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At the initiative of its chairman, Hiroaki Nakanishi, Keidanren (the Japan Business Federation) has reached a formal decision to abolish the uniform recruiting schedule for new hires among its member companies. I welcome the decision as a move to shake up conventional labor management and human capital development practices in Japan — which I have always found too rigid, and increasingly outdated, amid the debate and discussion over the future of work in the global landscape.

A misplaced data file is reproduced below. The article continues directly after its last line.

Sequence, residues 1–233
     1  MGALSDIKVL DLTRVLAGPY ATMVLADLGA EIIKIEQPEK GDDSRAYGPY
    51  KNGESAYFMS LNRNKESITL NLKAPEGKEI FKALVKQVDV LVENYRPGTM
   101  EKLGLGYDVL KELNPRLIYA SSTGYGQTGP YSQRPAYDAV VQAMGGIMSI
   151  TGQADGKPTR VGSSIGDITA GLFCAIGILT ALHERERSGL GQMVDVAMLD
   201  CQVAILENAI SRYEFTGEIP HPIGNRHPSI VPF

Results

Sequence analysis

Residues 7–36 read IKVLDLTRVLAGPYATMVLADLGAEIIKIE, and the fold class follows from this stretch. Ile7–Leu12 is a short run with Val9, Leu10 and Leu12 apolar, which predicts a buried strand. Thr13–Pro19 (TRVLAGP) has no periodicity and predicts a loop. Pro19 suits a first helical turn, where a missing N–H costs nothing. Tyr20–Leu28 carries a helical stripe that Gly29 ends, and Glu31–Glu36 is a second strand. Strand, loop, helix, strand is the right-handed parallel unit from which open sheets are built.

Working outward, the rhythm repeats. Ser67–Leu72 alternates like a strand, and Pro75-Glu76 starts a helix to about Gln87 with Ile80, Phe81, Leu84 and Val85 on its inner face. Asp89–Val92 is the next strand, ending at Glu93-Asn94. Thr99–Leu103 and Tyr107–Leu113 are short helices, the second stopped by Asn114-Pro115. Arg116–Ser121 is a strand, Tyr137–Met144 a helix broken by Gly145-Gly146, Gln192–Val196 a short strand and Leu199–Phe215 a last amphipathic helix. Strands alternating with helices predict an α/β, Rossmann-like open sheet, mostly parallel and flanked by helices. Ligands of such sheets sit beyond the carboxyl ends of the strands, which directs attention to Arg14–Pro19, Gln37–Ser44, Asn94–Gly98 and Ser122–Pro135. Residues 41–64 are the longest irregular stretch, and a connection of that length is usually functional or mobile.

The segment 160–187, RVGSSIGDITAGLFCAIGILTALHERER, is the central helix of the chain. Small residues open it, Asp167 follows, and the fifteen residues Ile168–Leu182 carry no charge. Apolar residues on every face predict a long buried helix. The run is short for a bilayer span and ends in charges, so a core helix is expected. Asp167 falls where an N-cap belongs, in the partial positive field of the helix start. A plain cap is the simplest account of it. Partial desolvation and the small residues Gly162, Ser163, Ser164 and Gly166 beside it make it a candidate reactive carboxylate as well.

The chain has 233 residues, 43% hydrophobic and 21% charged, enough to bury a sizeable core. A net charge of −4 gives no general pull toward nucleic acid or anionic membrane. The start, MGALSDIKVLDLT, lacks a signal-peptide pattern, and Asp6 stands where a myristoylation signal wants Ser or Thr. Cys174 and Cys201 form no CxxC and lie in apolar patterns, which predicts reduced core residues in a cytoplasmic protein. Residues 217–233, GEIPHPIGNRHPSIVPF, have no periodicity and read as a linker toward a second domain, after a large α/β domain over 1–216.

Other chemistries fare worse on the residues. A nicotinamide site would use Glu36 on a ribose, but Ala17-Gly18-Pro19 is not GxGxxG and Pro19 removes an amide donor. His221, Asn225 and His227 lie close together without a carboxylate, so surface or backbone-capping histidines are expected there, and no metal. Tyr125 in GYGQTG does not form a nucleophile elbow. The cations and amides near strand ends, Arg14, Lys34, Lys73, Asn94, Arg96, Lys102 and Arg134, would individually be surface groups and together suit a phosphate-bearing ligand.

Maintaining a “traditional” and “orderly” once-a-year recruiting practice in Japan, which is quite different from the trend elsewhere, has limited the nation’s potential to address its declining working-age (15 to 64) population and the opportunities for Japanese businesses to broadly recruit the best talent from the global pool.

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